“The United States should shelve whatever remains of its cold-war policies, particularly its support of authoritarian regimes in Asia, Africa, and the Middle East, and back the drive for human rights and democracy in the UN, as well as in the world at large.”
William J. vanden Heuvel, Chairman, Franklin and Eleanor Roosevelt Institute and Vice Chair of the World Federation of United Nations Associations:
“Most Americans are fair-minded and are willing to listen and learn, but in the complicated field of international relations where the President has primary power, it is the President and his spokesmen who must explain American interests in our participation and leadership of the UN. Absent that powerful advocacy—and it has long been absent—the enemies of the UN, well financed, well organized, and unencumbered by any need, desire, or responsibility to make balanced presentations to their audiences, have changed the political landscape of our country.”
“What is so frustrating is to know how eager the world is for America’s leadership—and how incapable we seem to be of responding constructively….We will deserve the harsh judgment of our grandchildren if we fail to use this extraordinary time and opportunity to create a better world organized on the rule of law with the United Nations as part of that historic achievement.”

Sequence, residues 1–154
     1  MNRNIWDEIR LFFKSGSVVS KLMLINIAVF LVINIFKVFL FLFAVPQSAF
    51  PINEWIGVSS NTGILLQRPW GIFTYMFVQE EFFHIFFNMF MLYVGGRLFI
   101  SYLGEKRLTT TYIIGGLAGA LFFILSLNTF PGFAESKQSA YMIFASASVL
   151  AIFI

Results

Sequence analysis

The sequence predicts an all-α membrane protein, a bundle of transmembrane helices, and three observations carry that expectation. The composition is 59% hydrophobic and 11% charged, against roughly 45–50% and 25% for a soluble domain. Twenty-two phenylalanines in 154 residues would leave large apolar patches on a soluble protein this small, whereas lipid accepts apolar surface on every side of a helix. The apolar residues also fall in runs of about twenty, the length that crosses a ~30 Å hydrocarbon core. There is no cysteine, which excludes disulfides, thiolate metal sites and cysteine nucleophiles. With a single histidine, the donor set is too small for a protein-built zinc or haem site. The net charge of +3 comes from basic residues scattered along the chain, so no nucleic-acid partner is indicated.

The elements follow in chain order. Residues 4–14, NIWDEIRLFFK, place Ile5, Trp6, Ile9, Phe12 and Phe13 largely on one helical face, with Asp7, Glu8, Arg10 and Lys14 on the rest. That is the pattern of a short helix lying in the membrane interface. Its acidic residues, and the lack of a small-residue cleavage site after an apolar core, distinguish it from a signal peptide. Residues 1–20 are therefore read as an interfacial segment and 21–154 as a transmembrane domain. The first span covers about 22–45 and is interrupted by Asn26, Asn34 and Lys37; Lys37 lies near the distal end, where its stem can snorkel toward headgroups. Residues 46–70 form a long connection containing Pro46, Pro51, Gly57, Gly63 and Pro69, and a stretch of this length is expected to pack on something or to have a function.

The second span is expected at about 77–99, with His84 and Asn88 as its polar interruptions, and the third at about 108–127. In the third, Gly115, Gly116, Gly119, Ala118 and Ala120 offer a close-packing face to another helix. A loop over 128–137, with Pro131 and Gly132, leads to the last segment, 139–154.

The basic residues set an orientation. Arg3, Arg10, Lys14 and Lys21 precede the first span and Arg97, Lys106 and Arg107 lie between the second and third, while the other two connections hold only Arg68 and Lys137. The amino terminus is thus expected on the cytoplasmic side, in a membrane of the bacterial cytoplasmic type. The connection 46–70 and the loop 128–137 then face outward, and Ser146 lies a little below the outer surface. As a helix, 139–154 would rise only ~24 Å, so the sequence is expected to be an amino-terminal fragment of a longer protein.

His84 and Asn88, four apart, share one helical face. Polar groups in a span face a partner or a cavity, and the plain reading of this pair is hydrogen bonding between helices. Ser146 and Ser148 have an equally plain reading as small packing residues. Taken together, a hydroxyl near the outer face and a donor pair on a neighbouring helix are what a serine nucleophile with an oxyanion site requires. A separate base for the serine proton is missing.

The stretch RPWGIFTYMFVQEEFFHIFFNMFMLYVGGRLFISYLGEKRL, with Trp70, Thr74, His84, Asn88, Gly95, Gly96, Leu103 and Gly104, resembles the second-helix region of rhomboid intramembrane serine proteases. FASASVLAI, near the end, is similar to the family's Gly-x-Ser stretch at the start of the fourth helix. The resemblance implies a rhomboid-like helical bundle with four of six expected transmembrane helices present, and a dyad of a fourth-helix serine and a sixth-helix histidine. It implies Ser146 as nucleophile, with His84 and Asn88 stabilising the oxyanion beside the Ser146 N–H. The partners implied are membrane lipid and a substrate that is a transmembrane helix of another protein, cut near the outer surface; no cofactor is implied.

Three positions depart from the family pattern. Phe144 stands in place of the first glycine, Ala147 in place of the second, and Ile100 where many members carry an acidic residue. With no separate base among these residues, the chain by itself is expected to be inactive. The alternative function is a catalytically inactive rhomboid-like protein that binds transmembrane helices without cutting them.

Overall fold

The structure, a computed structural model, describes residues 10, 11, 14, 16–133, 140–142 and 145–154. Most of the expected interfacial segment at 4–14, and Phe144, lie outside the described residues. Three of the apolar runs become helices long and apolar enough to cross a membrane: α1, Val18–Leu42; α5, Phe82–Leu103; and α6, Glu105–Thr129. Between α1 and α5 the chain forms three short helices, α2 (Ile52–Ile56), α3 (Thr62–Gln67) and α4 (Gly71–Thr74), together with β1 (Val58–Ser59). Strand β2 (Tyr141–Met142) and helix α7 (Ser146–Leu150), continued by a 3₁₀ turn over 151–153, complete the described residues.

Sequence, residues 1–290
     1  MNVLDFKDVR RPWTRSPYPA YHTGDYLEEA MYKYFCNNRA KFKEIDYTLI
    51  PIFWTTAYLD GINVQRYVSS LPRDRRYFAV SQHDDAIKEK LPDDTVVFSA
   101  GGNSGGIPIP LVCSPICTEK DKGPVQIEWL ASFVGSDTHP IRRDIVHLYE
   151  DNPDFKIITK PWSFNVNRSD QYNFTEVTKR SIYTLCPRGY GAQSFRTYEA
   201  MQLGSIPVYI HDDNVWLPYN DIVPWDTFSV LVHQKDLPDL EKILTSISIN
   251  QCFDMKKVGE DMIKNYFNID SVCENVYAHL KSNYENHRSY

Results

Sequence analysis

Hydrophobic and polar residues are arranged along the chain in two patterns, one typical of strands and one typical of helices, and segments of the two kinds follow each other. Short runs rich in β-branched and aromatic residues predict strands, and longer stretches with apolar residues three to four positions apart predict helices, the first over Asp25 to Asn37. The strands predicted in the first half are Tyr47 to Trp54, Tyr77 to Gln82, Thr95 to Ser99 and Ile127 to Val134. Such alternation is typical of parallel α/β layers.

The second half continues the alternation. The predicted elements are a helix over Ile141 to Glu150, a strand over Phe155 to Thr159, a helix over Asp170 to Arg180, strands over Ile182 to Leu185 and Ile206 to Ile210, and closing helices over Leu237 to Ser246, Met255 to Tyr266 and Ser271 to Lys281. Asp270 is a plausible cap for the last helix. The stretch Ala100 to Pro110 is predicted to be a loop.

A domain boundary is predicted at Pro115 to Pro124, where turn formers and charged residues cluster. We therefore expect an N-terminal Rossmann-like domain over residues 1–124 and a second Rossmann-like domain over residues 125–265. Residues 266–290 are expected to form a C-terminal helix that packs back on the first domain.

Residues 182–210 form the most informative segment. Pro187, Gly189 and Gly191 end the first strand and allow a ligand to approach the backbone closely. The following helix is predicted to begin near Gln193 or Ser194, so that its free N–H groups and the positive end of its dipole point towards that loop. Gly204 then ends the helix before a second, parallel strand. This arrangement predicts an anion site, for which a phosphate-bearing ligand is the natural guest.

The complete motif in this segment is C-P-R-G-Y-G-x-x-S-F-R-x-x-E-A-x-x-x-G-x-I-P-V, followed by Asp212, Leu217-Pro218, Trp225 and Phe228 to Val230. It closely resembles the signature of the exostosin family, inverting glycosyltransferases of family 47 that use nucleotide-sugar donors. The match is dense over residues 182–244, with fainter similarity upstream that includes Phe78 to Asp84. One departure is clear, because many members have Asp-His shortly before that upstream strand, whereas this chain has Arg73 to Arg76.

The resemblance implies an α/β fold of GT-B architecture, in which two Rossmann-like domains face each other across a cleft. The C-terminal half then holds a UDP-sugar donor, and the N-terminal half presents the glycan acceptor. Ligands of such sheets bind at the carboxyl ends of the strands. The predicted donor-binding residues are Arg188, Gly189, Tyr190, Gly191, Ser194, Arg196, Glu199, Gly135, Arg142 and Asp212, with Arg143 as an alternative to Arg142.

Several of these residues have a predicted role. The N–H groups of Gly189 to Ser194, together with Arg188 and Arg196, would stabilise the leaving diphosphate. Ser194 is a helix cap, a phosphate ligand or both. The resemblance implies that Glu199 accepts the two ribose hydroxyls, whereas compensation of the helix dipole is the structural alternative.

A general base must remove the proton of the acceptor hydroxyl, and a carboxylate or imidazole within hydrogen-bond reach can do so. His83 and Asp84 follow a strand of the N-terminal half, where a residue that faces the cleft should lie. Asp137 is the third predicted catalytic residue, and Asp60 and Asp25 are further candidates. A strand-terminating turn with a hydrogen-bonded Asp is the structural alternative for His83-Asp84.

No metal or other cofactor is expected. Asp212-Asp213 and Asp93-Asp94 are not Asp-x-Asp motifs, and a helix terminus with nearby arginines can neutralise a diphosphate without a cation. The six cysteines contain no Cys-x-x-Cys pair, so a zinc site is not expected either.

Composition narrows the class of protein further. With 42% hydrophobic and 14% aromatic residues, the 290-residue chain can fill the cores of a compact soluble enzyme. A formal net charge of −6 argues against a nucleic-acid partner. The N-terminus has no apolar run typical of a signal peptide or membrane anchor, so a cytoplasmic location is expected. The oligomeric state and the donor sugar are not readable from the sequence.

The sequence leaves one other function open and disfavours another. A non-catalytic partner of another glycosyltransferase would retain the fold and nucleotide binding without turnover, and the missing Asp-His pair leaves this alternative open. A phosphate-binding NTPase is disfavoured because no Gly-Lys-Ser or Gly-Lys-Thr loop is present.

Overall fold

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What are my conclusions? The UN will always be imperfect and frustrating. This is inevitable given the divergent views of its members, their varying political and cultural histories, the relative tolerance of some for corruption and inefficiency, and the natural inclination to oppose, in principle, the one superpower. At the same time, American administrations have too often sent mixed signals regarding their views of the UN’s role and potential for enhancing American security.
Nonetheless, I believe the US commitment to the United Nations is vital, and does not impinge on our freedom to act unilaterally, if we must. The alternative to the United Nations, a series of regional or political alliances based solely on national interest, would be an enormous step backwards. In short, the United States must make even greater efforts to make its positions clear, on a consistent basis, to the UN membership, while demonstrating a readiness to at least acknowledge other points of view. The United States should, to borrow a currently popular phrase, exercise “tough love” towards the United Nations, both in our present and future generations’ national security interests.
United States Ambassador to Hungary, 1994-1998